The conventional wisdom about utility spending is correct, but key factors affecting customer satisfaction aren't obvious—and are tricky to control.
Why Outage Management Must Change
Smart grid advancements call for a new approach to restoration.
In the not-too-distant past, utility distribution networks were managed by two non-competing technologies: outage management systems (OMS) and distribution SCADA (supervisory control and data acquisition). Today, this model is changing rapidly. Smart grid advancements have brought new combinations of advanced technologies, often working together in a real-time operation or a real-time network. In the smart grid, the technologies that are applied must work together dynamically; by their very nature, they must adapt to changes in the grid in a coordinated fashion. Changes to the network brought about as a result of one technology or system usually will have an effect on another system, but there remains only one real-time network state at any given time.
For example, two common smart grid automation technologies, feeder self-healing and power optimization, must be able to interact effectively. Many smart grid solutions with power quality improvement as their business objective are applying technologies such as loss minimization (LM), which performs capacitor switching to reduce losses. In other cases, conservation voltage reduction (CVR) is applied by reducing voltage through coordinated switching of regulators and load-tap-changing transformers. The coordinated combination of each for integrated volt-VAR control (IVVC) provides additional benefit.
These applications can't assume to know the real-time network connectivity status of the devices they're controlling. Operation of self-healing systems can result in the switching of regulators and capacitors from one feeder to another, so related smart grid systems must be able to adapt to these network changes. The problem becomes more pronounced as distributed generation or distributed energy resources are applied to the feeder operation, since this will affect the voltage profile for the downstream feeder. Likewise, these smart grid applications all must adapt their operations in a coordinated fashion. For optimum efficiency and safety, they must operate from a common topology model where all applications maintain awareness of the real-time network state, and they in turn must use the real-time state in their respective solutions.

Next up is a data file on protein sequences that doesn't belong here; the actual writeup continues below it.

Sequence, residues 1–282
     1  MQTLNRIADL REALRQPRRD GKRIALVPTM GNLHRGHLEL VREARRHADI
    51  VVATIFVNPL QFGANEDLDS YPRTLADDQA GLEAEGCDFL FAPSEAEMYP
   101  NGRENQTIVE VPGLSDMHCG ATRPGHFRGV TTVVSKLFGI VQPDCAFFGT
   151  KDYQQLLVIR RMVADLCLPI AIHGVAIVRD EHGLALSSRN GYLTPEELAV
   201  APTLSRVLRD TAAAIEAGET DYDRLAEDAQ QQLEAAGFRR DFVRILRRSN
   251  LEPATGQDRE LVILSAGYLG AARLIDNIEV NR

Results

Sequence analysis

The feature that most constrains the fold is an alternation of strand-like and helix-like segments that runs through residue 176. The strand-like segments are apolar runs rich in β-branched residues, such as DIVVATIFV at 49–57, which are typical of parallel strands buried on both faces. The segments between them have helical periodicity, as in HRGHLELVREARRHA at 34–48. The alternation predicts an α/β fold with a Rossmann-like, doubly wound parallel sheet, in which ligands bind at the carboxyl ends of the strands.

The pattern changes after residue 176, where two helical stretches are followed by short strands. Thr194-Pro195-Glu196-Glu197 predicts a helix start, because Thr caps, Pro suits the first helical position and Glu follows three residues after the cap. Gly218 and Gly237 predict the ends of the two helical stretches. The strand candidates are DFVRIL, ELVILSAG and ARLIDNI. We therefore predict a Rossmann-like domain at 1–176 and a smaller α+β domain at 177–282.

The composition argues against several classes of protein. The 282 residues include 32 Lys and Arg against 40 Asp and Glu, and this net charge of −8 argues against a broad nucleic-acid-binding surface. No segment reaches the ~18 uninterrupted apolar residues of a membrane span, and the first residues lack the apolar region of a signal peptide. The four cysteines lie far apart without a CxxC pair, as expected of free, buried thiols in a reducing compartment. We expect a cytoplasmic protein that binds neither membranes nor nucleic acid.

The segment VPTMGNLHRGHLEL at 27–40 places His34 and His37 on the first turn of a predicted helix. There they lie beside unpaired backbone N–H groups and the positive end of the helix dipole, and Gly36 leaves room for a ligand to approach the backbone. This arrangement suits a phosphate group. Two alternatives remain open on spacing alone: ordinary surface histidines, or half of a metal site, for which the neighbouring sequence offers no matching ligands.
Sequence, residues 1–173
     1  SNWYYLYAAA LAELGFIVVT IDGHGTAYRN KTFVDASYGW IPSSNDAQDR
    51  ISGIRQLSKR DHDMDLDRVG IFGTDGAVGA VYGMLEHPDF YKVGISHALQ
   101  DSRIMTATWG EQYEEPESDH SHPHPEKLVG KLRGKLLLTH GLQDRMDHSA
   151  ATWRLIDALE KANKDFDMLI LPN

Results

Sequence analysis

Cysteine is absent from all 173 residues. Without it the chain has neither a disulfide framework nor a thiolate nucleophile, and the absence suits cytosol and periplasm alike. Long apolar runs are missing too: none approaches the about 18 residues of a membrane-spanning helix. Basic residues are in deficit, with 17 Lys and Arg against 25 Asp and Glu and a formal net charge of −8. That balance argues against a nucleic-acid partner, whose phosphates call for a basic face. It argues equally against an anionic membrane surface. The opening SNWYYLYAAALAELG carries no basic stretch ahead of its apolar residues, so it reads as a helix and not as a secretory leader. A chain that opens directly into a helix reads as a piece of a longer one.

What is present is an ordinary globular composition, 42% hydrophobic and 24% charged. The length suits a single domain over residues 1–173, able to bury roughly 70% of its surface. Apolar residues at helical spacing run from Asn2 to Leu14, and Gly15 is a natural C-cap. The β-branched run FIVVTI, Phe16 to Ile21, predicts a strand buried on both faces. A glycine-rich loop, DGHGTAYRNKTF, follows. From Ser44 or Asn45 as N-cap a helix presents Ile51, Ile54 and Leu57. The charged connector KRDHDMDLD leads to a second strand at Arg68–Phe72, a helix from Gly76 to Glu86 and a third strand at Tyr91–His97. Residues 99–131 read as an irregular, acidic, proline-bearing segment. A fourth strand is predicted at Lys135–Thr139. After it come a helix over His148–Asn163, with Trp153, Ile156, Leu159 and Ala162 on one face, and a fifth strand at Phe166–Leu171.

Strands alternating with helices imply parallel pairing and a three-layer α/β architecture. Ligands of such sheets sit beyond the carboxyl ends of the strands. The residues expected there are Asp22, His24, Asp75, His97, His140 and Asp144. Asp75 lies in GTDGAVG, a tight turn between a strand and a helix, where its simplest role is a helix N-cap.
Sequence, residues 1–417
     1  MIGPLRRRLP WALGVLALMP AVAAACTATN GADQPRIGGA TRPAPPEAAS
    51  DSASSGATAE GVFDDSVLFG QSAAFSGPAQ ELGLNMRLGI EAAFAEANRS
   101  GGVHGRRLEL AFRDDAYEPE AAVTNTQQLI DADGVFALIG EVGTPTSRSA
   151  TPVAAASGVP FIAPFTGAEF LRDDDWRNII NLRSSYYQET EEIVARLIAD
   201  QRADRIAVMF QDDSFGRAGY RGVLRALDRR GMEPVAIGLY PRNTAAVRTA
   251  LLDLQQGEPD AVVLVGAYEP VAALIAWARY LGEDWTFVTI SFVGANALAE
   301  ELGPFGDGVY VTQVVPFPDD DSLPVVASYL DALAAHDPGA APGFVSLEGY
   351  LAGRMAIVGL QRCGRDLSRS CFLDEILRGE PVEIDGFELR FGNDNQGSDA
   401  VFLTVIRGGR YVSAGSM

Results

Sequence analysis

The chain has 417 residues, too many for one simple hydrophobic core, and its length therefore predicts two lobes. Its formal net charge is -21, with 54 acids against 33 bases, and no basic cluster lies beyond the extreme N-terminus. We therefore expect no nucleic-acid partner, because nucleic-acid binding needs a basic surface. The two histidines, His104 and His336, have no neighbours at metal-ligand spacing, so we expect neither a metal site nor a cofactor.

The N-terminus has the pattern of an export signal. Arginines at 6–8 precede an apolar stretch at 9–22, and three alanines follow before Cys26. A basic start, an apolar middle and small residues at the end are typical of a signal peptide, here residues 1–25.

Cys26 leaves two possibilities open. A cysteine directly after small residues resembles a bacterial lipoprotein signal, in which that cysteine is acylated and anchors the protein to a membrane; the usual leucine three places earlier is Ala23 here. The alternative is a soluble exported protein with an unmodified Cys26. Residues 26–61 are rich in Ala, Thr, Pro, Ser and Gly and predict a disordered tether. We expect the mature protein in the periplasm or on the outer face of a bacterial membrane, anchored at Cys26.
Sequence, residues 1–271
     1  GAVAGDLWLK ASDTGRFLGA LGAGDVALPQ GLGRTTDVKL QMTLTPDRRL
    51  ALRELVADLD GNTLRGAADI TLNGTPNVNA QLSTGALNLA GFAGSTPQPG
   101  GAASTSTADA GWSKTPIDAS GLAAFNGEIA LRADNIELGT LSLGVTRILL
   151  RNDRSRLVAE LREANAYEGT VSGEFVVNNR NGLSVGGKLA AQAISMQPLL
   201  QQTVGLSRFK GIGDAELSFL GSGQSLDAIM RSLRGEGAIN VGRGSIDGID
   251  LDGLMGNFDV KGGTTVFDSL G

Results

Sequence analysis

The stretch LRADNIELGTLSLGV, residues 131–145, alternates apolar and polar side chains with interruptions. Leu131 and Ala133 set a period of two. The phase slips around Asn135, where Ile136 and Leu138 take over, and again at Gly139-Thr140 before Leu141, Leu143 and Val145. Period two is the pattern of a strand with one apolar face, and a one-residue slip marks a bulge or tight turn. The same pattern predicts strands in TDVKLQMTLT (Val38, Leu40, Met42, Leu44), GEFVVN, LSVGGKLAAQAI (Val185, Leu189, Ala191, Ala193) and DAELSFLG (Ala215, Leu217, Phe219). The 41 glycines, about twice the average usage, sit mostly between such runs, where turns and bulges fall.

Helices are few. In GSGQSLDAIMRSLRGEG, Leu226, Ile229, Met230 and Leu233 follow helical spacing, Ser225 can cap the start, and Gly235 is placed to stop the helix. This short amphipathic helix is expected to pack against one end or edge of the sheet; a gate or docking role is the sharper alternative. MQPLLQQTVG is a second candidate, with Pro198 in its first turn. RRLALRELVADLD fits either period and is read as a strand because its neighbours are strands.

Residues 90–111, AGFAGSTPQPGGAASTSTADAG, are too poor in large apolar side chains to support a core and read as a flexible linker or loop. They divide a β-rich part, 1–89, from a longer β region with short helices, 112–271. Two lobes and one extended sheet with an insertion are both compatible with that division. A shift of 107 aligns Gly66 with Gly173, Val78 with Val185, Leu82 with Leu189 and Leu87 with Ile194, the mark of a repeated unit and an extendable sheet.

The traditional OMS now must operate in this new dynamic distribution network environment. In a way, the OMS competes with other operational systems for information, overlapping functionality, visualization, and maintaining the network topology.
Integrated Real-Time System
Many utilities build a smart grid infrastructure without considering the cost to maintain it. The largest single cost, accumulated daily over the life of the system, can be data maintenance. This maintenance includes the database itself, the detailed graphical map display and the network model.
The utility executive must ensure that the smart grid applications use a unified network model unencumbered by the traditional segmentation of data into operational silos. For example, existing network connectivity models previously were maintained only in the GIS (geospatial information system). As a result, many OMS vendors and utilities built a system tightly coupled with the GIS model. In this case, customer operational data, such as trouble calls, is sent to the OMS. Data from